Family Educational Rights and Privacy Act (FERPA)
The Family Educational Rights and Privacy Act of 1974 helps protect the privacy of student records. It provides for the right to inspect and review information contained in educational records, request an amendment to those records, and to limit disclosure of information from the records.
In addition, students have a right to file a complaint with the U.S. Department of Education, if they believe that one of their primary rights has been violated.
Access and privacy
Students who are currently enrolled at Calvin College or formerly enrolled students, regardless of their age or status in regard to parental dependency, are protected under FERPA. Parents of students termed dependent for income tax purposes may have access to the student’s educational records.
With certain exceptions, a student has rights of access to those records which are directly related to him/her and which are maintained by Calvin College. Education records include any records in the possession of an employee which are shared with or accessible to another individual. The records may be handwritten or in the form of print, magnetic tape, film, electronic image, computer storage, or some other medium. This would include transcripts or other records obtained from a school in which a student was previously enrolled.
Official Calvin College transcripts are released only when requested in writing by the students. Transcripts will not be released for students who have failed to meet their financial obligations to the college. All other requests to inspect and review education records should be submitted by the student in writing to the registrar, dean, department head or other appropriate official, and clearly identify the record(s) that the student wishes to inspect. If the requested record(s) are not maintained by the school official to whom the request was submitted, that official will advise the student of the correct official to whom the request should be addressed.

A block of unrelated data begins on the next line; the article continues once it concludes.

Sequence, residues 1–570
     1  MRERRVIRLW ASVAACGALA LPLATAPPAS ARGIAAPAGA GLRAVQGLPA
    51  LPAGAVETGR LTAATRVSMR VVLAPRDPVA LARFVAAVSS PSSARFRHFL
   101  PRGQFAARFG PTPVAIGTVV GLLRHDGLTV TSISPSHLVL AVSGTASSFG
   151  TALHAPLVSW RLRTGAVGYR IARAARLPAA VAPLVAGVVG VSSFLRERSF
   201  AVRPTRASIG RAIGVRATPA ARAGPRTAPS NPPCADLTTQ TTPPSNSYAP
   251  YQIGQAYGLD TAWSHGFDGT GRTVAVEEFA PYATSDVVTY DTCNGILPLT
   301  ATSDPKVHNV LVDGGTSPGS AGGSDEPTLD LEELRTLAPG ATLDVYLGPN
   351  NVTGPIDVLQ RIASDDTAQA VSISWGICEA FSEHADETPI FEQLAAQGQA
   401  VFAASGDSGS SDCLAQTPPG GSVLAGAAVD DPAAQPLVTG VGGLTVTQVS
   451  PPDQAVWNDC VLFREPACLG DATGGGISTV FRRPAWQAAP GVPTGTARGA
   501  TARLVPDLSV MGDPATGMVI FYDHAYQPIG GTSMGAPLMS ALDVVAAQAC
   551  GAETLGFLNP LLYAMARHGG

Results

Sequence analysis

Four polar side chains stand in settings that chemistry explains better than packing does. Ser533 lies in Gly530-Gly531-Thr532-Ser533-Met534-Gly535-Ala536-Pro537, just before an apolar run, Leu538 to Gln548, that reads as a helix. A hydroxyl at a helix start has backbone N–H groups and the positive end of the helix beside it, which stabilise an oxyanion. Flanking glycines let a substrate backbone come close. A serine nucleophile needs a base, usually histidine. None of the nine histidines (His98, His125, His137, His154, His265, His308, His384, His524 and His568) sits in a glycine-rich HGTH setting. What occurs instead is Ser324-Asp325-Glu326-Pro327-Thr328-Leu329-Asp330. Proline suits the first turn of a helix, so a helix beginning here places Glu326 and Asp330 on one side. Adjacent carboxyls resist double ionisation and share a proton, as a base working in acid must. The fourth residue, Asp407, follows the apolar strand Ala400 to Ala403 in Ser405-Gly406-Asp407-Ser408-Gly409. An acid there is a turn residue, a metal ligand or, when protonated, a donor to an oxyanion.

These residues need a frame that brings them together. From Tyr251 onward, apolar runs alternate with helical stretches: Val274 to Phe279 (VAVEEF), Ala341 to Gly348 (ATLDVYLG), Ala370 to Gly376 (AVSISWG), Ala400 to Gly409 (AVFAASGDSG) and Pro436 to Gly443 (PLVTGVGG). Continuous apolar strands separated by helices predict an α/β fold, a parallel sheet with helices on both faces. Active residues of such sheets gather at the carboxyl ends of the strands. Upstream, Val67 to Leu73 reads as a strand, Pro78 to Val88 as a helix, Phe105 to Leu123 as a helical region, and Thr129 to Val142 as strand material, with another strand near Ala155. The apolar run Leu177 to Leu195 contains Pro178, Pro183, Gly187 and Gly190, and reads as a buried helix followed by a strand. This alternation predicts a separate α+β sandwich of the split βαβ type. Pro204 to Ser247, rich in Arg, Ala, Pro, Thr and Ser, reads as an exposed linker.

Disclosure of information
Calvin may disclose information on a student without violating FERPA through what is known as directory Information. This generally includes a student's name, address, telephone number, electronic email address, photograph, date and place of birth, major field of study, participation in officially recognized sports and activities, weight and height of athletes, dates of attendance, grade level, enrollment status (e.g., undergraduate or graduate, full- or part-time), degrees, honors, and awards received, and other similar information. A student may restrict the release of his/her directory information by submitting a signed authorization form to Center for Student Success.
In certain other situations, a student’s written consent is not required to disclose the educational information. Exceptions* include the disclosure:
- to school officials who have ‘legitimate educational interests’ (see definition below);
- to post-secondary schools in which a student seeks to enroll;
- to federal, state, and/or local education authorities involving an audit or evaluation of compliance with programs;
- in connection with financial aid;
- to state and local authorities pursuant to a state law adopted before November 1974 requiring the disclosure;
- to organizations conducting studies for or on behalf of educational institutions;
- to accrediting organizations;
- to parents of a dependent student;
- to parents of students under 21 for violations of any law or institutional policy related to the possession of alcohol or controlled substance;